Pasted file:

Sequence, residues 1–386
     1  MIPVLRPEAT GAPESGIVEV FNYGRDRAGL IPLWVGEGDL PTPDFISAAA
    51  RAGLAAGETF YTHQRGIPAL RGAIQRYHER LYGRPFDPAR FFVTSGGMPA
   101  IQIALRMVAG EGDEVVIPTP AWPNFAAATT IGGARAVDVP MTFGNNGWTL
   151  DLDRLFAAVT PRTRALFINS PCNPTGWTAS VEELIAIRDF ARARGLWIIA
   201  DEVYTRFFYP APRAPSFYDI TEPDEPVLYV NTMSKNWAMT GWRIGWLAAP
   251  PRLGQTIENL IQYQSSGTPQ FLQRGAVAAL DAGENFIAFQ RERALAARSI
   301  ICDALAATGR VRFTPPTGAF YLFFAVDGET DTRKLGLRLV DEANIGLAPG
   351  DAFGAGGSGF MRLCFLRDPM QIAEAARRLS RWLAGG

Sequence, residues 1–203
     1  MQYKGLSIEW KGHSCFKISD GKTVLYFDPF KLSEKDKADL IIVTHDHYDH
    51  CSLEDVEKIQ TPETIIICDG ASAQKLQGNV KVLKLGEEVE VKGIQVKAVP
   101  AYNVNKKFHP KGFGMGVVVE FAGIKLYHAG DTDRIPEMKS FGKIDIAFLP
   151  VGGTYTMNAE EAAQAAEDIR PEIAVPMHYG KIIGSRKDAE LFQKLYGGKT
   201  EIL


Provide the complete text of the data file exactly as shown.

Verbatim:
Sequence, residues 1–386
     1  MIPVLRPEAT GAPESGIVEV FNYGRDRAGL IPLWVGEGDL PTPDFISAAA
    51  RAGLAAGETF YTHQRGIPAL RGAIQRYHER LYGRPFDPAR FFVTSGGMPA
   101  IQIALRMVAG EGDEVVIPTP AWPNFAAATT IGGARAVDVP MTFGNNGWTL
   151  DLDRLFAAVT PRTRALFINS PCNPTGWTAS VEELIAIRDF ARARGLWIIA
   201  DEVYTRFFYP APRAPSFYDI TEPDEPVLYV NTMSKNWAMT GWRIGWLAAP
   251  PRLGQTIENL IQYQSSGTPQ FLQRGAVAAL DAGENFIAFQ RERALAARSI
   301  ICDALAATGR VRFTPPTGAF YLFFAVDGET DTRKLGLRLV DEANIGLAPG
   351  DAFGAGGSGF MRLCFLRDPM QIAEAARRLS RWLAGG

Sequence, residues 1–203
     1  MQYKGLSIEW KGHSCFKISD GKTVLYFDPF KLSEKDKADL IIVTHDHYDH
    51  CSLEDVEKIQ TPETIIICDG ASAQKLQGNV KVLKLGEEVE VKGIQVKAVP
   101  AYNVNKKFHP KGFGMGVVVE FAGIKLYHAG DTDRIPEMKS FGKIDIAFLP
   151  VGGTYTMNAE EAAQAAEDIR PEIAVPMHYG KIIGSRKDAE LFQKLYGGKT
   201  EIL